Labor Data: New York Finance Sector Trends Down
ThinkWhy It Matters
Like San Francisco, New York City builds up versus out, due to land boundary limitations. Employers will continue to see wage pressures as the cost of living increases, forcing both employees and employers to move to lower-cost areas.
New York City is the single largest regional urban economy in the country and the leading job hub for banking, finance, and communication. It also supports a major manufacturing center, international shipping port and has a thriving technology sector.
New York City’s monthly job gain picked up in June 2019 to 9,400 jobs, after losing 5,300 jobs in May 2019. Compared to the five-year history, annual job growth in June 2019 saw a moderate drop of about 80 basis points (2.1 percent versus 1.3 percent or ~57,000 jobs). The pace of monthly job gains started slowing in April 2019 and is now on an average annual pace of 92,000 jobs as of June 2019.
During optimal economic conditions, the metro area can produce over 185,000 jobs annually. The unemployment rate in May 2019 remained similar to May 2018 at 3.7 percent but increased about 30 basis points compared to April 2019.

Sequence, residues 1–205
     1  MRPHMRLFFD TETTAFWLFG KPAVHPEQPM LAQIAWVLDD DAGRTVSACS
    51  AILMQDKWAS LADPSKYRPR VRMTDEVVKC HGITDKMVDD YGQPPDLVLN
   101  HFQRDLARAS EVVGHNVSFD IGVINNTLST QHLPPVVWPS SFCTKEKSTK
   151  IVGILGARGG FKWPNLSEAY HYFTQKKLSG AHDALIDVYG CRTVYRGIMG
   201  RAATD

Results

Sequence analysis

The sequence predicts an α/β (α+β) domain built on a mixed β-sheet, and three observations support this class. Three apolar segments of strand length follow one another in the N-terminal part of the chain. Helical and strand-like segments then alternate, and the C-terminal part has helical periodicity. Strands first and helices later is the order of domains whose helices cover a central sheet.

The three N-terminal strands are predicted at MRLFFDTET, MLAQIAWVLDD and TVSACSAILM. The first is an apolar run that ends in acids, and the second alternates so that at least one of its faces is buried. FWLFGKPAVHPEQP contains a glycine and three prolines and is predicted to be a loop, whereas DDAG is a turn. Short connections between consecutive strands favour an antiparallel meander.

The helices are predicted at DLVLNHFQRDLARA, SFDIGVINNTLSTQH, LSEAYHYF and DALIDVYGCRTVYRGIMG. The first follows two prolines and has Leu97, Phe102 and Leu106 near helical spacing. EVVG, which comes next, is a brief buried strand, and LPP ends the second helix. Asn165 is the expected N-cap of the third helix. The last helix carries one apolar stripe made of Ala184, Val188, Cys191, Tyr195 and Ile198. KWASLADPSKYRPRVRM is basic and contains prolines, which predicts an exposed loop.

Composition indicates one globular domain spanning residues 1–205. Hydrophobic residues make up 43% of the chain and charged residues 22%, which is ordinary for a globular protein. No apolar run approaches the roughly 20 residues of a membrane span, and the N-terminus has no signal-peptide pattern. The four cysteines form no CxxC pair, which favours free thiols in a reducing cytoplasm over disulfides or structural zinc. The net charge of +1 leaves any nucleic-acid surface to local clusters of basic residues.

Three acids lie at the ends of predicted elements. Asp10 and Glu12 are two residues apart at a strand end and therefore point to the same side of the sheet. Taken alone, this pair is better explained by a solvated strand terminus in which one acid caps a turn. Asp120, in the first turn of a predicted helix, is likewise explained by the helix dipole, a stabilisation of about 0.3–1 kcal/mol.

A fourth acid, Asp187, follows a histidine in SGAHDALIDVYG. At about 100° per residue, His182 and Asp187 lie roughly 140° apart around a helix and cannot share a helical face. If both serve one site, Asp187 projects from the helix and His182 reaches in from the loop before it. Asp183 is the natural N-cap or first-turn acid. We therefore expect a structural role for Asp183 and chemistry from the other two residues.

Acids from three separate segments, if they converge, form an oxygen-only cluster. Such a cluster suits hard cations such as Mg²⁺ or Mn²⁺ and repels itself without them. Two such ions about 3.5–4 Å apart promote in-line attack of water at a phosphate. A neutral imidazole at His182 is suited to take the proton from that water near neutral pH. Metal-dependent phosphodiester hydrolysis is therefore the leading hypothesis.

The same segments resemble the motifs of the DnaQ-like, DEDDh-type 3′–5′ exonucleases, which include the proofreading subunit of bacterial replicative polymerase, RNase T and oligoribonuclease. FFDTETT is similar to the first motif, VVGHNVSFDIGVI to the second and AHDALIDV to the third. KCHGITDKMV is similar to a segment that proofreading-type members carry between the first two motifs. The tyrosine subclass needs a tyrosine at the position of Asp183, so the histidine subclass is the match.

“New York City is experiencing its largest and longest job expansion since the end of World War II and the city has been the driving force behind the state’s employment gains,” states Thomas DiNapoli, New York State Controller. “While job growth remains strong, there are national and global risks that could affect the pace of future growth.”
• With a similar unemployment rate as the national average of 3.7 percent, the wage growth in the metro area is robust at 5.4 percent compared to 3.1 percent wage growth nationally.
• Education and Healthcare industries led the pack on the job growth in the metro area at 4.8 percent.
• Tech jobs grew 2.3 percent.
• Leisure and Hospitality is holding its own and producing job growth similar to the recent five-year average.
• The Financial industry is a concern, losing jobs during June 2019, as the metro area has an abundance of high paying jobs in this sector
Expect to see single-family demand outpacing supply in the New York City metro area as supply in this area is constrained by zoning and buildable sites. However, multi-family supply (including condos and co-ops) is outpacing demand putting downward pressure on prices.
The pace of multi-family permits remains near the historical average, but demand is expected to slow in the coming months. Rent control legislation may reduce housing costs for employers and relocating employees in the short term.
Gain more insight into employment statistics, including job growth and hot and cold employment sectors, with ThinkWhy's Major Market Activity Report for June 2019.